Yesterday, we discussed muscle-building supplements. And while that’s a huge market filled with dubious claims, nothing can can compare to the marketing chicanery of male s.exu.ality boosters. There are supplements available that advertise to increase your libido while upping your testosterone. There are over the testosterone pills for sale and prescription supplements. You can find supplements that market themselves as T-boosters, while touting themselves as an aphrodisiac.
And and then there are businesses that claim to have created a testosterone pill which has the triumvirate of male-enhancing properties: T-boosting, libido-enhancing, and also fertility-increasing. These supplement makers sometimes throw in yet another claim of muscle gain too. For guys who are mainly seeking to improve their testosterone, these extra benefits can seem like the icing on the cake, which makes these supplements highly marketable. But when it comes to actually boosting T, do they really actually work?
Supplements that tout themselves foremost as libido enhancers form most of the market for testosterone boosters. But a majority of don’t have effect on testosterone levels. Why do people purchase them in great amounts?
Whenever your testosterone levels increase, so does your libido. Unfortunately, the inverse is not really true – your libido levels will go up without your testosterone levels also rising. And that’s how most supposed T-boosters “work”: they cause you to feel ornery, leading one to think that your T levels are appreciably higher, once they actually aren’t. In rare cases, supplementation will result in a 20% testosterone increase. This sort of improvement may sound impressive, but is irrelevant for practical purposes.
Legitimate, working testosterone boosters do exist, but they’re not very exciting. They’re not life-changing because, at many, they’ll increase testosterone levels by 20-50%. Compare that to a low-dose steroid cycle, that offers a 300% increase minimum.
You may be unable to tell whether or not a supplement is working without obtaining a blood test. Even then, blood tests usually take your T levels at that exact moment, which may fluctuate based upon lots of different variables. Main point here: it’s very easy to promise a testosterone boost when not many people are actually checking their testosterone levels.
Tribulus terrestris is definitely the #1 selling testosterone booster, and also the best demonstration of a supplement that increases libido, but has no impact on testosterone. Anecdotally (and traditionally, in East Asia), it’s worked well for guys seeking to enhance their confidence and libido, but studies have not confirmed this kind of effect. While preliminary evidence suggests that Tribulus can protect against stress, it definitely has no effect on testosterone.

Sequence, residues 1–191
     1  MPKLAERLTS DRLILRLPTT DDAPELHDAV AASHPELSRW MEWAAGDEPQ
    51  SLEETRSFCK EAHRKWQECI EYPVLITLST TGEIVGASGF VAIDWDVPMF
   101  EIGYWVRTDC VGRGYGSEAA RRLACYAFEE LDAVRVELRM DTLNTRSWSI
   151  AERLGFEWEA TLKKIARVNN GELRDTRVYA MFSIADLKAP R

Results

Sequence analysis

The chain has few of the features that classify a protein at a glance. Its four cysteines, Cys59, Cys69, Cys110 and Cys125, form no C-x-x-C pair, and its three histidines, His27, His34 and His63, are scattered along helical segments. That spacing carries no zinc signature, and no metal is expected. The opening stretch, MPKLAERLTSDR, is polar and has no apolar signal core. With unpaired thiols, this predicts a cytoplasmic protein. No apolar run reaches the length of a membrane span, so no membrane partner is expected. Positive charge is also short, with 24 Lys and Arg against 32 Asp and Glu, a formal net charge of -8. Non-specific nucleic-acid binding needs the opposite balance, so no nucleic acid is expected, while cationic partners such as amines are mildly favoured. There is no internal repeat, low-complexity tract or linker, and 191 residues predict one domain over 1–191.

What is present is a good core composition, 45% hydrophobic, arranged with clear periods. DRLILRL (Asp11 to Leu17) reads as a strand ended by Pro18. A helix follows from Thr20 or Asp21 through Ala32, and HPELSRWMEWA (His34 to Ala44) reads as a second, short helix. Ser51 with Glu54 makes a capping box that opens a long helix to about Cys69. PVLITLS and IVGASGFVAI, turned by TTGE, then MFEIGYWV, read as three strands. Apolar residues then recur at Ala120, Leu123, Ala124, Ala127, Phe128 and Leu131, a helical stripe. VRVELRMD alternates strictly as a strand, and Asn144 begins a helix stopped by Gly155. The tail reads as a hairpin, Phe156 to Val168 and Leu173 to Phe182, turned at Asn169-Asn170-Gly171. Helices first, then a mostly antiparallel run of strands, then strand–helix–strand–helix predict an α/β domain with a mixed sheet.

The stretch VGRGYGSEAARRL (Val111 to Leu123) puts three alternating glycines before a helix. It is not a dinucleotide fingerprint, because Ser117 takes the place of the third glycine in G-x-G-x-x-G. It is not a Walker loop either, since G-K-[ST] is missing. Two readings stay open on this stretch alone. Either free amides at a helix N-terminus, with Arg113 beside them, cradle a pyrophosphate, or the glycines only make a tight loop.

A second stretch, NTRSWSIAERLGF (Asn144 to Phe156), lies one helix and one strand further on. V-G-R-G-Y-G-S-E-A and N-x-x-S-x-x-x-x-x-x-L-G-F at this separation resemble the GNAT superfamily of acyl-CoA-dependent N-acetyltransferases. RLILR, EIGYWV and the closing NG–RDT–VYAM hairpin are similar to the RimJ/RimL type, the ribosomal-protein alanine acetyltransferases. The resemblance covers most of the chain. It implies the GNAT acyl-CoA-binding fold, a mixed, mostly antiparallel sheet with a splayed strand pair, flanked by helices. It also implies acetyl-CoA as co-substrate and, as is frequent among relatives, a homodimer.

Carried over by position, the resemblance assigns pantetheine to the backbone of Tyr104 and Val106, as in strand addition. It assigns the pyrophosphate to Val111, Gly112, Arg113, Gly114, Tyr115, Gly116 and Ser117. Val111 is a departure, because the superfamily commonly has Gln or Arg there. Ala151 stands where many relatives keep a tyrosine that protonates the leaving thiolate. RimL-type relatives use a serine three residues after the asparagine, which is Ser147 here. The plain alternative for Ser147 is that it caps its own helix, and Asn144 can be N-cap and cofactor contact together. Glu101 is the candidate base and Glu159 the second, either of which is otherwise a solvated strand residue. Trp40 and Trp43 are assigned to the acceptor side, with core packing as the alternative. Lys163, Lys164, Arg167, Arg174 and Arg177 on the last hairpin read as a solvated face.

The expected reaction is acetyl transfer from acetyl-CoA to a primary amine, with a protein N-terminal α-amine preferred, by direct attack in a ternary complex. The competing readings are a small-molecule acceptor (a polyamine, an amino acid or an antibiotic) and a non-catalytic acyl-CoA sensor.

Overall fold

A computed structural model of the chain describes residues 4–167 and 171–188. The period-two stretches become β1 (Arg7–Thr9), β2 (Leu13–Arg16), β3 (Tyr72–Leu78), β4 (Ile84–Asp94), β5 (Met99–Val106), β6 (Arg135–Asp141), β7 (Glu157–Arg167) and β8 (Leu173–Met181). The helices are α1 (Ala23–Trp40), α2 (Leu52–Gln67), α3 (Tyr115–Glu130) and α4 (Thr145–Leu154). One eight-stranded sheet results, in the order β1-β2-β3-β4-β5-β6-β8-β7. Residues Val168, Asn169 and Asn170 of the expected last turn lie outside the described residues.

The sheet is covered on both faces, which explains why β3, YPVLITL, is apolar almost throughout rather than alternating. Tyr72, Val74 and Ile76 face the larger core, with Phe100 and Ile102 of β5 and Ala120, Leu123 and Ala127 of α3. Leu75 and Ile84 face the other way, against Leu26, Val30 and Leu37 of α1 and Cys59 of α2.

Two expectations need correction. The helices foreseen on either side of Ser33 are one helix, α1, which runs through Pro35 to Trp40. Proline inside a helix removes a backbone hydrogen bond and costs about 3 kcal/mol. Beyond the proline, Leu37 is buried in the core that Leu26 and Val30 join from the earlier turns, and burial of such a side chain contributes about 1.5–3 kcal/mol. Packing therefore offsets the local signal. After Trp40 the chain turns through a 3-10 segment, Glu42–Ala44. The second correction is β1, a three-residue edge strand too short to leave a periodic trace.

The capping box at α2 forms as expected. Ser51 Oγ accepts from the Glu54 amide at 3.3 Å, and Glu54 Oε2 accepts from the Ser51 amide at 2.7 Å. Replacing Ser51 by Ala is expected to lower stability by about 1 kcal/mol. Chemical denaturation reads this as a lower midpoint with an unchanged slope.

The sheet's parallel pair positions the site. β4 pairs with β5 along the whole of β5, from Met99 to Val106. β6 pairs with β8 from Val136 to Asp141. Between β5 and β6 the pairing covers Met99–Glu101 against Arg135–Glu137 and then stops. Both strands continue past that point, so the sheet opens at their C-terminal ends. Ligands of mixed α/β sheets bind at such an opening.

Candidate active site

D-Aspartic Acid (D-AA) catapulted into the spotlight after a study showed supplementing D-AA could increase testosterone up to 42% after just 12 days. This sparked a frenzy of D-AA supplementation. Within a week, everyone was reporting greatly increased libido, as well as increased testicle size. Unfortunately, another study done that spanned an extended period period found that after about a month of D-AA supplementation, testosterone levels returned to normalcy. A month isn’t long enough for elevated testosterone levels to get an impact on muscle development and growth.
D-AA has been seen to supply increased fertility and testosterone when supplemented by infertile men, however it has no influence on athletes and folks with normal testosterone levels. Zinc and magnesium (both portion of the ZMA formula) are often recommended as testosterone boosters for athletes. These minerals are lost through sweat and during exercise. If you’re deficient, supplementing with zinc or magnesium will take your testosterone levels in your normal baseline. Additional zinc or magnesium will not increase testosterone above normal levels.
Maca is actually a vegetable marketed as being a “non-hormonal” libido enhancer. It is actually popular among post-menopausal women and younger women that are attempting to avoid interactions with contraceptives. Maca’s libido-enhancing eaxeli occur after prolonged supplementation, rather than immediately after a single dose. More research is required to figure out how maca works in the body to improve libido non-hormonally. Maca will not boost testosterone.
Fenugreek is technically a testosterone booster. It contains 5-alpha reductase inhibitors, which prevent testosterone from being converted into dihydrotestosterone (DHT). This brings about: A relative boost in testosterone, a reduction in DHT, which can be believed to lower libido. Even though it may increase testosterone somewhat, it’s to not a level that could cause any appreciable gain in muscle. Fenugreek has different ways to mediate libido. Regardless of the decrease in DHT, fenugreek supplementation could possibly improve se.xual function and well-being. Strangely enough, spartagen xt causes urine and sweat to smell like maple syrup. This libido enhancer obviously works best when taken in Canada, including a buffalo plaid shirt and hairy chest (we’re Canadian-based, therefore we can vouch for this).
L-DOPA may also be referred to as a testosterone booster, because of the way it interacts with prolactin. After having a steroid cycle, prolactin levels are generally greater than usual due to the elevated testosterone. Prolactin negatively regulates testosterone and libido, while enhancing estrogen signaling.
Prolactin is suppressed by dopamine activity. Since supplementing L-DOPA suppresses prolactin (by increasing dopamine activity), supplementing L-DOPA would increase testosterone if prolactin was abnormally high. The average, healthy male does not have elevated prolactin (unless he’s on steroids), so supplementing with L-DOPA will never improve your testosterone levels.